The big overtime exemption revolution of the Obama Era never happened, thanks to a US District Court ruling. However, the USDOL, now operating as part of President Trump’s administration, revisited the issue and published a new proposed rule on March 7. Like the last time this issue was in the news, the proposal would substantially increase the minimum salary “white collar” executive, administrative and professional positions must receive to qualify for the exemption from the requirement to be paid at one and one-half times their regular rate for all time worked over 40 hours in a workweek. This time, however, the increase would be more modest, replacing the current $455 per week ($23,660 per year) standard with $679 per week ($35,308 per year). This compares to $913 per week ($47,476 per year) under the Obama proposal. Additionally, proposed provisions would permit some non-salary compensation to be counted toward the minimum, including qualifying commissions and bonuses. The Obama proposal would have caused the minimum to change automatically in relation to the consumer price index. This time, the proposal would have the USDOL revisit the issue every 4 years.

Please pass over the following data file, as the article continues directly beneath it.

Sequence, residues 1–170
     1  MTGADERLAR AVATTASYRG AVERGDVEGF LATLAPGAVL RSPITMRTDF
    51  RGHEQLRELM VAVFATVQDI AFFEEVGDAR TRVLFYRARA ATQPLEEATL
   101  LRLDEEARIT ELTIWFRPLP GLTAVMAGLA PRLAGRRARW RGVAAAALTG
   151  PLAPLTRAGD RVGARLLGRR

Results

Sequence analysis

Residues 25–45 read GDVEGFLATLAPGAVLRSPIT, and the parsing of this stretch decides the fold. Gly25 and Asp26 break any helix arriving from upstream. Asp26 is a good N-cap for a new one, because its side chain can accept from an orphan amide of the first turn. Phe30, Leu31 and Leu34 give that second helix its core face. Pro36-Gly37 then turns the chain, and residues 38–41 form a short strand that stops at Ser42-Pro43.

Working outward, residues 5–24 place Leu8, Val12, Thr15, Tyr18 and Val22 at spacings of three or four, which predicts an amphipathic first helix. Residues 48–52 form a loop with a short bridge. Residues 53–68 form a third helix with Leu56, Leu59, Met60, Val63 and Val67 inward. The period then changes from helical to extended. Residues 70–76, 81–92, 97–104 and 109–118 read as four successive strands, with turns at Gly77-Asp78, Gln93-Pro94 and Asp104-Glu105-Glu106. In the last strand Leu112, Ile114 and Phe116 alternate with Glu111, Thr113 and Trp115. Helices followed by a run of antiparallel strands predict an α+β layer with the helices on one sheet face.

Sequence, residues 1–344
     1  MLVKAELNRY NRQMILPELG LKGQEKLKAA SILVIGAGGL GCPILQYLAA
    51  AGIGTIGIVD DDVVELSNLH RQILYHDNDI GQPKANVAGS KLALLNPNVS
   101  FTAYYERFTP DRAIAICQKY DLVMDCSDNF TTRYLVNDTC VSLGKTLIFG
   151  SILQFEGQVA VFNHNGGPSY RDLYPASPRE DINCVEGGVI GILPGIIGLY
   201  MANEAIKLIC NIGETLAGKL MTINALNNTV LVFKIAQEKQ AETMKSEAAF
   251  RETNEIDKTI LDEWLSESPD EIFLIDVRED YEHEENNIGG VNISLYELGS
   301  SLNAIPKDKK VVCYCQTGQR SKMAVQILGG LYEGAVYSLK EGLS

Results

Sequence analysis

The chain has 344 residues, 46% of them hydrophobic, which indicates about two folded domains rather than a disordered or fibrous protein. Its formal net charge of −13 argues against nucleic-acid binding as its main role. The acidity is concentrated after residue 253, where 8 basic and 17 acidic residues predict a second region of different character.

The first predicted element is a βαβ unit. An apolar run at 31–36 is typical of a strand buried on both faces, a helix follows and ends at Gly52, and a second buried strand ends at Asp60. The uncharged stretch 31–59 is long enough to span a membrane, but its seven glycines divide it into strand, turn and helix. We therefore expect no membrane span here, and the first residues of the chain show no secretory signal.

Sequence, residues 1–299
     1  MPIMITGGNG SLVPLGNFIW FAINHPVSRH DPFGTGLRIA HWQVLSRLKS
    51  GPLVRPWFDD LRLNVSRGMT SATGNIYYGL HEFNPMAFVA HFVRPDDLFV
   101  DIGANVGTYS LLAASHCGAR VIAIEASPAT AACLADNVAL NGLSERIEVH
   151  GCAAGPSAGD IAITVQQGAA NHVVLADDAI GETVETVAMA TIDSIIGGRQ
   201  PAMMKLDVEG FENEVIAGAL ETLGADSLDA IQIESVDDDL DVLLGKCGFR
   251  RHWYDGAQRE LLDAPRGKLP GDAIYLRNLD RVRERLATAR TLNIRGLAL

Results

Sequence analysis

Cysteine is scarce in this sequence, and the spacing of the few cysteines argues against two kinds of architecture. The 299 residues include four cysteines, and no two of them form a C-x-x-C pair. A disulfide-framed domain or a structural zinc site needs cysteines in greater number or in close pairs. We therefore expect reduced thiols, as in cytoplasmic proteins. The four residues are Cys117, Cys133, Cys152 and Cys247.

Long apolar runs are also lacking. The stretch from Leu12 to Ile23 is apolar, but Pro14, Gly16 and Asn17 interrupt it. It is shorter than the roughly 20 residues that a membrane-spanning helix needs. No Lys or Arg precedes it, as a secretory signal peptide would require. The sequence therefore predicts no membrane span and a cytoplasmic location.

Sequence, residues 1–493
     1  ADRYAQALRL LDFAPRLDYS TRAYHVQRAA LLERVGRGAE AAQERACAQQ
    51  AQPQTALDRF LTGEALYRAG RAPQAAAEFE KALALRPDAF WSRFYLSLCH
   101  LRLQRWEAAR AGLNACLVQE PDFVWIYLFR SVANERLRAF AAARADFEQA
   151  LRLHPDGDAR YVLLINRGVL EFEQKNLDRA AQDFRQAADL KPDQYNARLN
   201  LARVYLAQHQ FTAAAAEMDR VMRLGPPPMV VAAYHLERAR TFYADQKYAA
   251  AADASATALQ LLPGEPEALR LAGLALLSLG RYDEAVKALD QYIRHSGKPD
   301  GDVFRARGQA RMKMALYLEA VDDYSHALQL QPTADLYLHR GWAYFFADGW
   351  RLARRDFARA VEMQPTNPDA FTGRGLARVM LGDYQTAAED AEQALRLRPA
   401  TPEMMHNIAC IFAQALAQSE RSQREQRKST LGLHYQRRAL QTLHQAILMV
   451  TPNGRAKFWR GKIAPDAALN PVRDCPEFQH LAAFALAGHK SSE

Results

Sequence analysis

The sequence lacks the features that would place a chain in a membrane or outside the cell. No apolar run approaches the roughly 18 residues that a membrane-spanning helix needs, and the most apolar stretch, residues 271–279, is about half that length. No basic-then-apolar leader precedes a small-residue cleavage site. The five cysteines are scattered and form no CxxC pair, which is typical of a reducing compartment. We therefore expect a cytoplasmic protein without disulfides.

A provision in the current federal wage and hour law that does not affect Connecticut employers would also be changed under this latest proposal. Currently under federal law, an hourly paid employee with job content not matching any exemption, who makes $100,000 or more per year is not entitled to overtime pay. The March 7 proposed rule would raise that earnings level to $147,414. Because employers must obey both federal and State law, and Connecticut does not have a companion provision, even such highly paid non-exempt workers are entitled to overtime premium if they work in Connecticut.
A 60-day comment period will start when the proposal is published in the Federal Register. The estimate for the effective date of whatever change DOL decides to make after considering comments is January 2020.